Japan's Marshallian k, the ratio of the money supply to nominal gross domestic product (GDP), is at its highest level since 1960. A comparison with the United States, where the Marshallian k has been relatively stable, shows that there has been a significant deviation (Figure 1).
As shown in Figure 1, the upward trend of Japan's Marshallian k has been continuing throughout the years, not just after the Bank of Japan embarked on its quantitative easing policy. There have been several periods in which a particularly sharp increase was observed. The first one is from 1971 through 1974, namely, starting with excessive liquidity under then Prime Minister Kakuei Tanaka's "Plan for Remodeling the Japanese Archipelago" and ending with the oil crisis. The second one began in 1985 with a rise in excess liquidity across the world and continued throughout Japan's real estate bubble period to around 1990. Meanwhile, the third one coincided with the period of economic recession from 1997 through 2002, this time caused by the weakness of nominal GDP rather than an increase in liquidity. Then came the fourth one from late 2008, following the collapse of Lehman Brothers, through 2011, again coinciding with a period of declining nominal GDP.
The factors behind these four episodes are not identical. In the first two cases, excess liquidity is the primary cause, whereas the latter two are more attributable to the stagnant economy and the risk-averse behavior of companies and households to shy away from investments and keep more cash on hand. In particular, changes in motives for retaining cash over the past few years can be observed in changes in the composition of the money supply (Figure 2).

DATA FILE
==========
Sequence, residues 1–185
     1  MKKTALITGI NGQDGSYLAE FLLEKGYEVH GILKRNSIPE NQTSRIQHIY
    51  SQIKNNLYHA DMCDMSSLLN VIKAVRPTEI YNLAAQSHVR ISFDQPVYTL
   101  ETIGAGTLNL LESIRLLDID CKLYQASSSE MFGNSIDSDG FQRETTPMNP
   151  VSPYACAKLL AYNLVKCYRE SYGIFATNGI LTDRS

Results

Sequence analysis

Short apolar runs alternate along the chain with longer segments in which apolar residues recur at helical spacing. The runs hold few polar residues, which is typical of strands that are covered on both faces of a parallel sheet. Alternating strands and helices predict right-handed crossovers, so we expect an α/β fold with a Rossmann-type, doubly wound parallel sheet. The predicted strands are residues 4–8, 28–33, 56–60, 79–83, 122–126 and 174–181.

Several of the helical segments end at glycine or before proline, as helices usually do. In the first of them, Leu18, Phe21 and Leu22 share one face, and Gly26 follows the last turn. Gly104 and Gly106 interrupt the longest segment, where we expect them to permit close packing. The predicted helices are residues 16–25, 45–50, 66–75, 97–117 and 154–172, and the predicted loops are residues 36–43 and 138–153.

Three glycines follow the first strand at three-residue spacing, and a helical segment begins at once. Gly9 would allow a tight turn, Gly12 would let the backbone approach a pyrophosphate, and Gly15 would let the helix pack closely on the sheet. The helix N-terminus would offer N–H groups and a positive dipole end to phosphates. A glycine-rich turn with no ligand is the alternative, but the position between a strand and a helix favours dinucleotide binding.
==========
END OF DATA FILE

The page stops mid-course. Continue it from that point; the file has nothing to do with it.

Figure 3 shows changes in the percentage year-on-year growth in each of the following money supply categories: cash, demand deposits, and time deposits including certificates of deposit (CDs). We can see that the growth rate for demand deposits and that for time deposits moved divergently depending on the phase of the economy. Up until the 1974 oil crisis, the growth rates for all of the three categories generally moved in tandem. After that, however, they generally followed the pattern in which growth in cash and time deposits outpaces that in demand deposits when the economy is on an upward trajectory, whereas growth in cash and demand deposits outpaces that in time deposits when the economy is down.